At the height of the Great Recession, with Michigan's economy in shambles and the Big Three auto companies on the brink of bankruptcy, Henry Ford Health System opened a new hospital whose design exuded opulence.
No detail was spared in outfitting the $360 million, 300-bed facility in West Bloomfield, a Detroit suburb with a median household income twice that of the rest of the state. All rooms were private with a view of the surrounding pond and woodlands. They came equipped with wireless internet and flat-screen TVs with on-demand programming.
Family members could stay overnight in tastefully decorated patient rooms furnished with sleeper sofas and reclining chairs. Each floor had stay-over rooms with beds and kitchen facilities for any family member watching over a patient on an extended and possibly terminal stay in the hospital.
And in choosing who should run this beautiful new facility, CEO Nancy Schlichting turned to a European expat, Gerard van Grinsven, who had run luxury hotels for the Ritz-Carlton chain. It was the last in a string of unorthodox choices Schlichting made in launching a facility made possible by Henry Ford's return to financial health after a near-brush with bankruptcy in the early 2000s.
“We have formidable competitors in this market,” she recalled. “To build this hospital and have it be successful was pretty daunting. I knew it had to be different.”
And different it was. The hospital, billed as a health and wellness center, included a day spa, a greenhouse to produce organic vegetables, an indoor farmers market and a demonstration kitchen to teach people with dietary restrictions how to cook. Its atrium was filled with retail outlets, live plants and curved walkways. At a time when others in the region were pulling in their belts, Henry Ford was headed in the opposite direction. Some local physicians grumbled.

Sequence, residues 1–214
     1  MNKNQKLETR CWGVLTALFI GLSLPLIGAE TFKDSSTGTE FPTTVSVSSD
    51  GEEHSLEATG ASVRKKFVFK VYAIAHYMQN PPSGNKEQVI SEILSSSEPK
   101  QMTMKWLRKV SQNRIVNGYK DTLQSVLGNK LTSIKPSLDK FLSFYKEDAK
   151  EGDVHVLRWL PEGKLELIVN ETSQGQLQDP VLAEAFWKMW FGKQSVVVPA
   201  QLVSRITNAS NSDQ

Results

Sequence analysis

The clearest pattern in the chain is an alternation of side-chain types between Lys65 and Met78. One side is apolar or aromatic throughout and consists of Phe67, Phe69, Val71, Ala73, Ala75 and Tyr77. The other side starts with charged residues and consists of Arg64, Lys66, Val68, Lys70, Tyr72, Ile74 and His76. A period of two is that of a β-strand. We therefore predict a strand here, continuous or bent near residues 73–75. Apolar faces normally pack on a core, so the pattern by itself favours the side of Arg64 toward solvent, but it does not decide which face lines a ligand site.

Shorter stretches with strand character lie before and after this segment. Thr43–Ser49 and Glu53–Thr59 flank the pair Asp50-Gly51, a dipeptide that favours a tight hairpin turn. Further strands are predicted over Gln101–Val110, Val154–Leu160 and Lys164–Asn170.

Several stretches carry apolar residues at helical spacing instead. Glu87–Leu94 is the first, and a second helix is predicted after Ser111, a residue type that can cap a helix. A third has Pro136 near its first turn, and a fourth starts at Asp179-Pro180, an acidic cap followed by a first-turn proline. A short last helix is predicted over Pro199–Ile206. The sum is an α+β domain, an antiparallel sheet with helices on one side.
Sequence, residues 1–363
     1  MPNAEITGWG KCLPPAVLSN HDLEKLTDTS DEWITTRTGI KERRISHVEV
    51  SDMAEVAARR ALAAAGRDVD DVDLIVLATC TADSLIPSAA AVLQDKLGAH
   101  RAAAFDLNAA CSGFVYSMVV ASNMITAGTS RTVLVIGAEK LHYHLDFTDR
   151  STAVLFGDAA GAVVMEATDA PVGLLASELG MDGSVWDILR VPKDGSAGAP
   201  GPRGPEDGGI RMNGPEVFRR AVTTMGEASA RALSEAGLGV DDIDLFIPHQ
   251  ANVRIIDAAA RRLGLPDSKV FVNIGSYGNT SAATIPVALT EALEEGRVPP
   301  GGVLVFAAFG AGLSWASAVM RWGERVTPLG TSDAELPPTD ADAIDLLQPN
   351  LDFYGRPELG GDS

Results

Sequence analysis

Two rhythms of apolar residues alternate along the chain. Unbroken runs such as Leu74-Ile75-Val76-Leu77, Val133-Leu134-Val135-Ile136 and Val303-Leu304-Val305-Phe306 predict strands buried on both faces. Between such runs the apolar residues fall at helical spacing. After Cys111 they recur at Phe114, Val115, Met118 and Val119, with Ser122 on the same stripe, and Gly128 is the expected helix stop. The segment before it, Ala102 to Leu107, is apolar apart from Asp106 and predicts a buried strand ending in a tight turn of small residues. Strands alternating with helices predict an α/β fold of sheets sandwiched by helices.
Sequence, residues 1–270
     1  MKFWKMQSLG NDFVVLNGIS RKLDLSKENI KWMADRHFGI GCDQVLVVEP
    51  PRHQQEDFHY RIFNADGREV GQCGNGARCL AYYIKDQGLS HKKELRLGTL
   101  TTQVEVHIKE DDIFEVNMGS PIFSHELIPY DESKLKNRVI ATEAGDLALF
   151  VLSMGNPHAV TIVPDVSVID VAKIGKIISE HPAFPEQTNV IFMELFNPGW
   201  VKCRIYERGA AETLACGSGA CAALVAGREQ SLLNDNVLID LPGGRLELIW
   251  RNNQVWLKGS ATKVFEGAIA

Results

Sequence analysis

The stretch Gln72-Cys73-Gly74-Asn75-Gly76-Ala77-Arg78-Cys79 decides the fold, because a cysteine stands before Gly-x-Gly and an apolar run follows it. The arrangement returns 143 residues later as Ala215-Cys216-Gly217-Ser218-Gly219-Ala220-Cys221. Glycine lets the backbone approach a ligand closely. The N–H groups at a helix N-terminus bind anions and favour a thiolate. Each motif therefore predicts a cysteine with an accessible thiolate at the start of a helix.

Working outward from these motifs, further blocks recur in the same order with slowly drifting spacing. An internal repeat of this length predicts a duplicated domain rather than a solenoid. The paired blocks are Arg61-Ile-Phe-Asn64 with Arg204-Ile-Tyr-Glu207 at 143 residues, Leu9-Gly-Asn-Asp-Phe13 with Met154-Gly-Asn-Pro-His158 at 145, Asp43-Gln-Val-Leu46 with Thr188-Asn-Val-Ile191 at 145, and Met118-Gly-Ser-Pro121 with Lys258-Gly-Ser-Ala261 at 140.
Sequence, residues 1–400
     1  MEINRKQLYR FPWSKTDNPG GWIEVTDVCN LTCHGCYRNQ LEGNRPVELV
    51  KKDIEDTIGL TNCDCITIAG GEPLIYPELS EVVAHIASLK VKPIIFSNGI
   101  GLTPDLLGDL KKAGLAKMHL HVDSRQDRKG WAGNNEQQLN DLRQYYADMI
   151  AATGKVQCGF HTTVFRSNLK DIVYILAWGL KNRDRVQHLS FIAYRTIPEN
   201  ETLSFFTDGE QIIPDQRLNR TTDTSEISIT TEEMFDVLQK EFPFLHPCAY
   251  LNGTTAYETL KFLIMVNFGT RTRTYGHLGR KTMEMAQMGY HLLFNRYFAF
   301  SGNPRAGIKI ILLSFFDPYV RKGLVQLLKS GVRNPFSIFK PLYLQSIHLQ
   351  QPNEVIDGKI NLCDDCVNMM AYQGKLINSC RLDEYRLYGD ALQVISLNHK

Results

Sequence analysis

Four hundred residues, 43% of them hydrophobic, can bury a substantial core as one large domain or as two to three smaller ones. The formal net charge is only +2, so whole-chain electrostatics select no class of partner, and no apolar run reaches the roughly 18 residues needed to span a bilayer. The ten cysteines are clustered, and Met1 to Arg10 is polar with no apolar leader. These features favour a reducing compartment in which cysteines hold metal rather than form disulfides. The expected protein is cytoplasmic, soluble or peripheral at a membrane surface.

“A lot of physicians thought it was the most absurd thing they'd ever heard of,” recalled van Grinsven. “But with her support, I spent a lot of time with physicians and was able to cultivate them.”
After more than 100,000 applied for the new hospital's 1,200 job openings and its elegant design was warmly welcomed by the community, Schlichting gave speeches in which she proudly proclaimed she wanted her tombstone to read: “I was the one who hired the Ritz guy.”
The leadership Schlichting, 61, provided during the construction and opening of the system's first new hospital in nearly a century is recounted in her book, Unconventional Leadership: What Henry Ford and Detroit Taught Me about Reinvention and Diversity. It reflected the innovative management style she honed over a 30-plus-year career in hospital leadership.
A self-described child of the 1960s, she overcame barriers both personal and professional to gain prominence. She was a woman who made it in a field dominated by men. She quickly moved on to bigger and better positions after being outed as gay by a member of the board at the Ohio hospital system where she had been in line for the top job.
Throughout her career, she leaned on male mentors like Gail Warden, first at the American Hospital Association and later at Henry Ford, and Al Gilbert at Akron (Ohio) General Hospital and later Summa Health. And in return, she mentored others.
She succeeded in executing two major financial turnarounds over the course of her career, including at Henry Ford. And, more recently, she entered public service by chairing the congressionally mandated Commission on Care that this year created a reinvention plan for the Veterans Affairs Department that recognized both the strengths and weaknesses of that sprawling, government-run system, which needs modernization for a new generation of veterans.
She has been a pioneer on quality and safety, encouraging Henry Ford to be one of the first healthcare systems to pursue and win the Malcolm Baldrige National Quality Award. Her policy, she told me, is “zero defect, no excuses.” She made both innovation a priority within the four walls of an institution that she first took a job at in 1998 and has run since 2003.